Tickets for the month sold out in one day
For many, it was a long-awaited chance to feel normal again, sitting in their cars belting out “Summer Nights” at Madrid’s drive-in cinema on a rare night out after a 10-week lockdown.
It’s opening night at this 1950s-themed venue and as the sun sets, vehicles begin pulling into the huge car park, ushers ensuring each is carefully positioned several metres apart.
With cinemas emptied across the world because of the pandemic, drive-in screens have seen a resurgence in popularity, offering those who’ve been cooped up at home for months a safe way to go out.
Two days after the Spanish capital finally began to emerge from one of the most restrictive lockdowns in the world, the Madrid Race reopened its doors with a screening of the 1978 hit musical “Grease”.
“We are the safest entertainment place in Madrid. It seems like drive-in cinema was made for a time like this,” Madrid Race co-founder Cristina Porta told AFP, saying tickets for the month sold out in one day.
For the venue, the epidemic and the resulting restrictions have opened a whole new business opportunity.
“We’ve already got seven concerts booked and we’re going to do theatre, masses, comedy, monologues and a bit of everything,” she told AFP.
“This summer, there’s going to be a lot more than just cinema. There will be a lot of action and a lot of rock and roll.”
‘Your car like your home’
As night falls, the lights come on at the chrome metal diner, the “corn truck” is churning out buckets of popcorn and beer is flowing at the bar as staff in gloves and visors serve the growing crowd as they wait for the film to start.
“It gives you a real sense of freedom. We really wanted to get out of the house,” says 22-year-old Belen Perez who has come with her flatmate after finishing teacher training school.
“We came a few years ago and we liked it so we thought it would be a safe option,” she says, her eyes smiling over her mask.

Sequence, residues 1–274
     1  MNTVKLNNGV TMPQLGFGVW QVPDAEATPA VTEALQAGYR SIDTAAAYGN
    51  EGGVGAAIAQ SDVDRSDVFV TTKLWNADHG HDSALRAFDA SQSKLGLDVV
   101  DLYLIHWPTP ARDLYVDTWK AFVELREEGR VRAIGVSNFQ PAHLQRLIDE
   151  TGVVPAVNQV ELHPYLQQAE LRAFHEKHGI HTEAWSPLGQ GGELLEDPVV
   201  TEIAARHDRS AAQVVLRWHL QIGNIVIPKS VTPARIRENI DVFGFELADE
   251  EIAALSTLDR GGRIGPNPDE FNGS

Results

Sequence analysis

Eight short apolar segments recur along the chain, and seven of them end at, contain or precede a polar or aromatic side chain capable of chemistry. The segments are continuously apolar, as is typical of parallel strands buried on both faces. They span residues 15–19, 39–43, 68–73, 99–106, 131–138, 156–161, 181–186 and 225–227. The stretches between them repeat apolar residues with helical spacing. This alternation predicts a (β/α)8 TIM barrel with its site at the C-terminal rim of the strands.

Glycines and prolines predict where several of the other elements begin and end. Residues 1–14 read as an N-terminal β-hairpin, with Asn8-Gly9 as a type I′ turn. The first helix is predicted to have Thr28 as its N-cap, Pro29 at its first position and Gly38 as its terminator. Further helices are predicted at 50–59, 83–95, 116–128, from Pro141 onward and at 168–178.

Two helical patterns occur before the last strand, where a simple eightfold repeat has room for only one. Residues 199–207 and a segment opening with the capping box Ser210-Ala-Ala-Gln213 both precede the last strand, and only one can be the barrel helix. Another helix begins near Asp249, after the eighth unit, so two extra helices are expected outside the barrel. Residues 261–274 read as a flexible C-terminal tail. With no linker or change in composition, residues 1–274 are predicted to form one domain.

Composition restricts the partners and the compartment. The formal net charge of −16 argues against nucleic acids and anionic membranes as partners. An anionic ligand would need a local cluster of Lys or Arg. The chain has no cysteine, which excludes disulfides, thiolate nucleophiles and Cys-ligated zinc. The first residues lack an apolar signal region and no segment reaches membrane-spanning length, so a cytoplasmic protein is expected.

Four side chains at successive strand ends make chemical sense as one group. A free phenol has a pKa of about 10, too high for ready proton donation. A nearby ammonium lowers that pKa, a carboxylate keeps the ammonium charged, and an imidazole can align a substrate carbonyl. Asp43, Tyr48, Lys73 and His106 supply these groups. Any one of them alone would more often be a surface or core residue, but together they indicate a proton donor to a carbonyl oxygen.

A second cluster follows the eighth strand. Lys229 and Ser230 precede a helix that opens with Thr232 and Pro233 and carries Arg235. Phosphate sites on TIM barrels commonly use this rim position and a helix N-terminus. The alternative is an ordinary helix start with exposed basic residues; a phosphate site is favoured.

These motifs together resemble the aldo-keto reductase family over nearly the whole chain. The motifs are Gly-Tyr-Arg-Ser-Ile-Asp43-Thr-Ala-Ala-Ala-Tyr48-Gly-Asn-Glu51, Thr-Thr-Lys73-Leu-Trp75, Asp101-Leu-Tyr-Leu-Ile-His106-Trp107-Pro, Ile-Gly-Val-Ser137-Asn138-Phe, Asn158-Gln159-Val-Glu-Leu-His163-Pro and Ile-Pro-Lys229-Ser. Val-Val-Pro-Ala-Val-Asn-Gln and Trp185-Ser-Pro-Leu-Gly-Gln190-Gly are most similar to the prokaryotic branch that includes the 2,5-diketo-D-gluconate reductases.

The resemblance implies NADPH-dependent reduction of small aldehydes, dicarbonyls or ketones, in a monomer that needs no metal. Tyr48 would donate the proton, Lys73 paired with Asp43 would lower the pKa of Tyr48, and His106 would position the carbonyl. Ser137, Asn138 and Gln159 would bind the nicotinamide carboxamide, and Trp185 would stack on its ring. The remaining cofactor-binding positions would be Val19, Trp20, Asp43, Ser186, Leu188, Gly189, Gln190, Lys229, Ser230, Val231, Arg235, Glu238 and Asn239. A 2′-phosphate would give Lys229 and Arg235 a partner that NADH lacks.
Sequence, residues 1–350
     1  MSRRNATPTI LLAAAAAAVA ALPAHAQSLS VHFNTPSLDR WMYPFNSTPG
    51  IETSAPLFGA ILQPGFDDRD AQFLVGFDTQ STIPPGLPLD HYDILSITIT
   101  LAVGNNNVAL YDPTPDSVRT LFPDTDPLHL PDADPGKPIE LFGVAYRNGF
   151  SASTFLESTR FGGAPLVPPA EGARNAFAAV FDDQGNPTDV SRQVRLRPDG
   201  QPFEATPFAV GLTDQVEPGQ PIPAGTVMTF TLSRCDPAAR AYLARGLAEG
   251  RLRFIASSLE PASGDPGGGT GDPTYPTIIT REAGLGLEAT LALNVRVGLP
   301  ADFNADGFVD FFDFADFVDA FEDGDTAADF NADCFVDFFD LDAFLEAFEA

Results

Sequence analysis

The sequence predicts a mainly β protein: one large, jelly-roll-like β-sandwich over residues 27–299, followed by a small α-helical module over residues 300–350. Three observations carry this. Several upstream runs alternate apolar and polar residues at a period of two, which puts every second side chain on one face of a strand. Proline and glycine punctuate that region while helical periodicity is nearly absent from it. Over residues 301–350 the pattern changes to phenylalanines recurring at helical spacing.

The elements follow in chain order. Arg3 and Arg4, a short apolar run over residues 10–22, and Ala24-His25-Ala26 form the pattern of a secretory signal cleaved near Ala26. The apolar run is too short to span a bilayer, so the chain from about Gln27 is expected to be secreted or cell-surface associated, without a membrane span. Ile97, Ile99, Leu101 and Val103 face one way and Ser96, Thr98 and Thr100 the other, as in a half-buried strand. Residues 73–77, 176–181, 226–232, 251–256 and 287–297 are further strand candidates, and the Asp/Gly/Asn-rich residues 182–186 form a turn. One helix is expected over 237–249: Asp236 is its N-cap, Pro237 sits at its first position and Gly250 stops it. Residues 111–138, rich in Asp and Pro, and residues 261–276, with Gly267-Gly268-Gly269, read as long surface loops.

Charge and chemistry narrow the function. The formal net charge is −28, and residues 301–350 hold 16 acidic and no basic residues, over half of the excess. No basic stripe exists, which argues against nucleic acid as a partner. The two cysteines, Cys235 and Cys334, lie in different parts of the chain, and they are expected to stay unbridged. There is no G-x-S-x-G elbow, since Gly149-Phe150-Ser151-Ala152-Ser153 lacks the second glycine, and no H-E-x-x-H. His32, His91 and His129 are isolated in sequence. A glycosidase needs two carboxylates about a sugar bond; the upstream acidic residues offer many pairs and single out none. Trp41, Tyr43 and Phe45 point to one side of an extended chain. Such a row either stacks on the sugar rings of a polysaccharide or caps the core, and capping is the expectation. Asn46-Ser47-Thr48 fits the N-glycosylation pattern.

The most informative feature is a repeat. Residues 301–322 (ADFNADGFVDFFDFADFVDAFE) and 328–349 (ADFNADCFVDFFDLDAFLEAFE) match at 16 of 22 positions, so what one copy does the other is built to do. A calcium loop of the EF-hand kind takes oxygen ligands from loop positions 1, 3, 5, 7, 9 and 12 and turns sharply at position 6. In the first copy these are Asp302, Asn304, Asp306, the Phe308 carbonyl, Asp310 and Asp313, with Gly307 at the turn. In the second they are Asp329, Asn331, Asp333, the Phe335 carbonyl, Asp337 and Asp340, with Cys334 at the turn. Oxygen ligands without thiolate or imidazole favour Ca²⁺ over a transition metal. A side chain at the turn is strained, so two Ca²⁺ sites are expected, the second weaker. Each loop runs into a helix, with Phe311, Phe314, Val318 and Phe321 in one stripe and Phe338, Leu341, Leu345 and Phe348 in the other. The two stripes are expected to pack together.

On a normal night, there would be space for 375 cars but with Madrid only just reopening after suffering the brunt of an epidemic which in Spain claimed over 27,000 lives, they have limited entries to 100.
For now, the diner is closed to the public and tables are well-spaced at the bar terrace with customers able to order food through an app, with waiters delivering it to their car within 10 minutes.
“At the end of the day, your car is an extension of your home,” says Porta.
“With these measures, it’s enough to ensure there’s zero risk of infection.”
‘Great, safe entertainment’
And cinemagoers agree.
“Everyone has their own private space, there aren’t many surfaces where you could pick up infection because during the film, no one gets out of their car and if you want to order food you can do that online,” agrees Perez.
“It’s a great way of being entertained safely.”
For many, it’s the first time they’ve been to a drive in, watching the film through their windscreen and hearing the soundtrack through a frequency on the car radio.
“To be honest, it feels safer than most other things, even doing your daily shopping,” said 28-year-old Daniel Martin, an aeronautical engineer.
“I’m grateful to be here, even though you’re a bit enclosed. At least we’re socialising a bit even though we’re separated, and that’s something,” he told AFP.
“Although we’ve seen the film more than 10 times, seeing it like this is something new. We’ve never been to a drive-in cinema before, so we’re killing two birds with one stone!”